“This is a Pittsburgh house and the practice rooms are in the basement, including a drum room,” Rosenblum says. “If we move into the next piano space on (the first) floor, you’ll hear the drum right below.”
The jazz ensemble rehearses in the building’s largest classroom, and “it’s a lot of sound in a very small space,” Moe says.
“You can imagine when the jazz band rehearses in a classroom what that does to the surrounding classrooms and office spaces,” Rosenblum says.
“You go to local community college, or you go to local high schools, not to mention our peer institutions, and it’s just like night and day,” he says.
When students and parents come to visit, Rosenblum says they often don’t show them the practice rooms. “We divert them in a different way.”
“We don’t have a lot to offer them in terms of facility. We have a lot to offer them in terms of faculty and resources and I’m very proud of that,” Rosenblum says, including the recent appointment of jazz flutist Nicole Mitchell as chair in Jazz Studies, effective July 1, and director of the Jazz Studies Program.
He says he was very encouraged to hear Kathleen Blee, dean of the Dietrich School of Arts & Sciences, and Provost Ann Cudd speak about music and the arts as a priority at the meeting of new chairs in the fall, and then more recently, Cudd talked about the role of the arts on campus at the Humanities Council.
“I was so pleased to hear that,” Rosenblum says.
Looking for solutions
Recognizing the short-term and long-term needs of all the arts programs on campus, Blee and others have been having talks about what space is available.
“We’ve been in discussion with the provost’s office to think about how to integrate all of our arts programs into the master planning process,” Blee says. This includes music, theater arts, fine arts and art & architecture.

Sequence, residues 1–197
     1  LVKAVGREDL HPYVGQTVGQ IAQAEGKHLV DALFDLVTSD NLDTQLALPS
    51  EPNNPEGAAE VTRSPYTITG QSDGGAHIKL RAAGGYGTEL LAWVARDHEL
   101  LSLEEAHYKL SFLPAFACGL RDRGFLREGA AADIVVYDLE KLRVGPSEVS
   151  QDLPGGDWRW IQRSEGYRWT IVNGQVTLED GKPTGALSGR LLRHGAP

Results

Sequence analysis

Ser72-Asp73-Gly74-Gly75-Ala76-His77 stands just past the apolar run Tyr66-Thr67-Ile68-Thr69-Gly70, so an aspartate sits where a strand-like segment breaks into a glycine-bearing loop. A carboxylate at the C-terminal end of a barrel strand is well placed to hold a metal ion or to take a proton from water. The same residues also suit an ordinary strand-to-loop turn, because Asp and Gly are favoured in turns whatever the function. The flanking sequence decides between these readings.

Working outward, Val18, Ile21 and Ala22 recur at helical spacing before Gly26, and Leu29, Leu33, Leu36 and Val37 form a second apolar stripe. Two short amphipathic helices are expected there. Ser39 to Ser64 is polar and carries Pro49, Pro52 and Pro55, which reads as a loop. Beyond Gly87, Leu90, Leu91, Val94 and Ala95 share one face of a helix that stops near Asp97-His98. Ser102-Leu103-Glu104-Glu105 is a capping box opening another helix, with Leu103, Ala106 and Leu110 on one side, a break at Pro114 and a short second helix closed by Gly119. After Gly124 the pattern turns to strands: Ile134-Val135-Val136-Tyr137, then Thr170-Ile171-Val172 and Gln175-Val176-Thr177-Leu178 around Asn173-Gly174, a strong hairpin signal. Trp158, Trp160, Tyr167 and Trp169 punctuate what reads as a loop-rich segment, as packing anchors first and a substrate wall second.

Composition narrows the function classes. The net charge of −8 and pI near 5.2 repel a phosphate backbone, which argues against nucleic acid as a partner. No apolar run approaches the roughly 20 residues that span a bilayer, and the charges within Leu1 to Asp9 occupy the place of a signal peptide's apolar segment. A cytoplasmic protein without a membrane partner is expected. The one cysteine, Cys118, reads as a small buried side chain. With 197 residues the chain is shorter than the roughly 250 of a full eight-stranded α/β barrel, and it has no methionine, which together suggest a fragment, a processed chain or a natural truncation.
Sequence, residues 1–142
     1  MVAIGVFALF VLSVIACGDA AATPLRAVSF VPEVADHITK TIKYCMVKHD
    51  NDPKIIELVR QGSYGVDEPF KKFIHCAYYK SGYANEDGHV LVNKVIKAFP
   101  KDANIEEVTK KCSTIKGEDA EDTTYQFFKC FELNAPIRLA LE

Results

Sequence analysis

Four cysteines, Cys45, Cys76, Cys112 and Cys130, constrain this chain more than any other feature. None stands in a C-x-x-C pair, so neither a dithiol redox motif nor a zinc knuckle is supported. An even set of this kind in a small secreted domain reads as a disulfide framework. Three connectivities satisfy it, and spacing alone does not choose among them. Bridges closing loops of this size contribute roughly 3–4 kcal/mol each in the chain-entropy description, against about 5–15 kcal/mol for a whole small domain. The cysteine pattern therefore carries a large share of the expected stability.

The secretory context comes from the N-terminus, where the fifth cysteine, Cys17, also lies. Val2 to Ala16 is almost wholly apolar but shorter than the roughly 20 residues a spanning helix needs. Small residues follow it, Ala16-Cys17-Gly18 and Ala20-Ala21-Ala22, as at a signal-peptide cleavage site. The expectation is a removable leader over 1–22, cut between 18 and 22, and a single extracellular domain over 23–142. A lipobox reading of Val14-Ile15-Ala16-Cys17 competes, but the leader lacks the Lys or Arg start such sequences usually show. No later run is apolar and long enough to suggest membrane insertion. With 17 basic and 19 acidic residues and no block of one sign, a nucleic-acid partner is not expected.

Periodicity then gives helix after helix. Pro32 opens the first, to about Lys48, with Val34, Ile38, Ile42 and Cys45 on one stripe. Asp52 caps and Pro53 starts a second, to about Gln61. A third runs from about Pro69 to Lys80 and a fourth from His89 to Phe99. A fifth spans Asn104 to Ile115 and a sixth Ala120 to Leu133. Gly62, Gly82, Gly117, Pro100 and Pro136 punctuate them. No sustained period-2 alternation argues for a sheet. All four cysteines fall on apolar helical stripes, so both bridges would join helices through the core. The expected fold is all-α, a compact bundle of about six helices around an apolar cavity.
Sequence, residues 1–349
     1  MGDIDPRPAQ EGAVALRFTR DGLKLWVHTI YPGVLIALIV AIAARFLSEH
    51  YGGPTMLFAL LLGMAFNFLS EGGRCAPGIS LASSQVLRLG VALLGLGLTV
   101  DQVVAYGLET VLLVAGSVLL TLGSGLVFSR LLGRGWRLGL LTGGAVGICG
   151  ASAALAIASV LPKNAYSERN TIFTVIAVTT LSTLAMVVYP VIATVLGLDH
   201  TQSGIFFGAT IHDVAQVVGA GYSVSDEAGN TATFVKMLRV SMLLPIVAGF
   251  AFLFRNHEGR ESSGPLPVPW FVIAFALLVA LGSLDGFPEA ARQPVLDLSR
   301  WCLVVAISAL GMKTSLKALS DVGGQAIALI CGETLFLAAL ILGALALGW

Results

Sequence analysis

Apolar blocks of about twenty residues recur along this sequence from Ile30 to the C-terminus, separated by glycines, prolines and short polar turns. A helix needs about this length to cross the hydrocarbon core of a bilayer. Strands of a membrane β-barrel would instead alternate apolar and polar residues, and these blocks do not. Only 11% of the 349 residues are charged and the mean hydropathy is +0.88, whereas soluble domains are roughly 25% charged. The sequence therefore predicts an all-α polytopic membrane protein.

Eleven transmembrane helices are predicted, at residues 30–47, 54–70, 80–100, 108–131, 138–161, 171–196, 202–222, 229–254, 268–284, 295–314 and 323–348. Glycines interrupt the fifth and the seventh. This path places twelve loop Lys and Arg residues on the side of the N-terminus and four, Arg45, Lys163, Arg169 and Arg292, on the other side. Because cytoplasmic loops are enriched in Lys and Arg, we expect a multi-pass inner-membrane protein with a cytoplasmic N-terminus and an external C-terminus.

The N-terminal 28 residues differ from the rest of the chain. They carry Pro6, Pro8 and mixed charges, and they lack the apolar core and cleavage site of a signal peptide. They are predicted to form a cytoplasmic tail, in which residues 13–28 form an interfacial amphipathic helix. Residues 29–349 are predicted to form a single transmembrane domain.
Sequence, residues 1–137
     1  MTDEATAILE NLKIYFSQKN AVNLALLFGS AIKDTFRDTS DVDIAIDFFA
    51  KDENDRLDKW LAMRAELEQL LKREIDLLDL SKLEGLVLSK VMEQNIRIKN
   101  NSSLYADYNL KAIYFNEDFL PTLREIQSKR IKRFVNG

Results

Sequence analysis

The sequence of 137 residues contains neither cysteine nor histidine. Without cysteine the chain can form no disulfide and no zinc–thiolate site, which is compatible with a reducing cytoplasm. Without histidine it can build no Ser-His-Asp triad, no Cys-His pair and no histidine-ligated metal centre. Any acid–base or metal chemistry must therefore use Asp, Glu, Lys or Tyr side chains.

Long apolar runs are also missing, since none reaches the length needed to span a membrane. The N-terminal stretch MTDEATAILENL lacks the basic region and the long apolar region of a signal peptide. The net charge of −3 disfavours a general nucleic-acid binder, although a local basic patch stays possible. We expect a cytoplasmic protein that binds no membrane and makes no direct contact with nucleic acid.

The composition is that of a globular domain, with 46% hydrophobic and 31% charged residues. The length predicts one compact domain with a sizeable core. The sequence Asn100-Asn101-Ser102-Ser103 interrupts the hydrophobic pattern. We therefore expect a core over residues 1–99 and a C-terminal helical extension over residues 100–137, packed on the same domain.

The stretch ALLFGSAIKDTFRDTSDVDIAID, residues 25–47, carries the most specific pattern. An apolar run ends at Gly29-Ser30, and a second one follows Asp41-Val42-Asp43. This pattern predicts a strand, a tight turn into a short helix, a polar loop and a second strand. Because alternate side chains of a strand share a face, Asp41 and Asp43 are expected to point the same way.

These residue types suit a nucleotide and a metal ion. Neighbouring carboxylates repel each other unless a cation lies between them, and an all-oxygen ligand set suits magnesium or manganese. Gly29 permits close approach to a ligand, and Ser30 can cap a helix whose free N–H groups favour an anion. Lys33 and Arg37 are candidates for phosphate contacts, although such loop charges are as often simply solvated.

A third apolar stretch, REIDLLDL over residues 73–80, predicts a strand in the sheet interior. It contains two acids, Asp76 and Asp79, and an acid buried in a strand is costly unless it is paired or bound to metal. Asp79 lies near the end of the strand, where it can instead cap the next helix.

“All of them have space issues — a lot of the school has space issues — but they have particular space issues,” she says. “In addition to space issues around classrooms and faculty scholarly space, they have space issues having to do with performance. We have been in discussions with the provost’s office to think about how we might address those. So they have not been forgotten in the process, but at this point, it hasn’t gelled into a particular direction.”
She notes that the master plan talks about moving the arts to Bellefield “long in the distance.”
“That’s obviously not in alignment with some problems that they’re having in the music building (now),” Blee says.
Patrick Cunningham, the Dietrich School’s executive director of financial and physical resources, says the main issue is rehearsal space, particularly for the drummers. “The way that building’s constructed, it’s a real vibration issue when the instructor and the student get rolling.”
He’s been specifically trying to find a space for drum rehearsals, working with the provost’s office. Some soundproofing has been tried in the Music Building’s practice rooms, and other material might be tried.